Apology: Being irresistible to old men (Part 2)

28 12 2010

Dear Japan,

I’d like to apologize for giving your middle-aged men the “wrong impression” while walking outside train stations, where I was obviously confused for being a sharply dressed male prostitute one too many times.

Yours,

Elder Swift

Part 2/3

It was a beautiful, warm summer morning in Tokyo.

The cicadas were singing, much like the crickets back home, except instead of a symphony of miniature, squeaky violins, it was a dull cacophony of invisible yet omnipresent buzzsaws. Ten thousand insectoid string instruments were proving, once again, that no matter where you go… there you are. I challenge you to find a sound that could possibly be more annoying, and yet lend such a measure of strange, familiar comfort at the same time.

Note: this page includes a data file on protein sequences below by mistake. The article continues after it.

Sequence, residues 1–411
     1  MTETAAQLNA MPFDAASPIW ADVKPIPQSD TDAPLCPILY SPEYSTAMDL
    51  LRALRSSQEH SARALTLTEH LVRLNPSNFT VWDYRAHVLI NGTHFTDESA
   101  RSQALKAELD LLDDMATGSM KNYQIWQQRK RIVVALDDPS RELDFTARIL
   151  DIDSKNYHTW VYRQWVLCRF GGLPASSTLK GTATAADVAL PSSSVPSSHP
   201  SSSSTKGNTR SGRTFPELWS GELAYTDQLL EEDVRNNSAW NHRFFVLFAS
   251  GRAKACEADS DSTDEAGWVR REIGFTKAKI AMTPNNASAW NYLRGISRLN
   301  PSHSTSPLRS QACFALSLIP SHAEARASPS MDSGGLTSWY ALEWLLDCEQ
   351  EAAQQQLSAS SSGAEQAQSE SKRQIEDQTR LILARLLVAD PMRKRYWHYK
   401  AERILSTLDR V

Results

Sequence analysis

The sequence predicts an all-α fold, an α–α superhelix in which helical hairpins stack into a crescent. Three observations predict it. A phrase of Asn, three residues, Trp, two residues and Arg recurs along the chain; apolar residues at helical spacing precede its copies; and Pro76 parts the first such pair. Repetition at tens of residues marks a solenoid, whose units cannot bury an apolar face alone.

It’s unsettling, really, to realize how you get used to things. How, once you experience them enough, things can actually become “normal.”

Like… getting fondled in public by strangers.

Yes my friends, it’s time for Part 2 of my first Apology, and here’s how it happened.

Elder Jukes and I were on exchanges. Now, exchanges are one of the greatest blessings that the fickle world of missionary companionship can offer. For one day, one brief day, you and another missionary duo switch off partners, shucking the old ball-and-chain for someone who isn’t in your life 24/7.

Perhaps I haven’t been very clear about one of the core concepts behind being a Mormon missionary: you’re essentially volunteering to have a roommate for two years, who watches everything you do (and you watch them). Sometimes you’ll be lucky and the faces will change every month or two, or you yourself might get a change of scenery every two to three. In other words: you get to move around, and you get new companions, but they are always with you.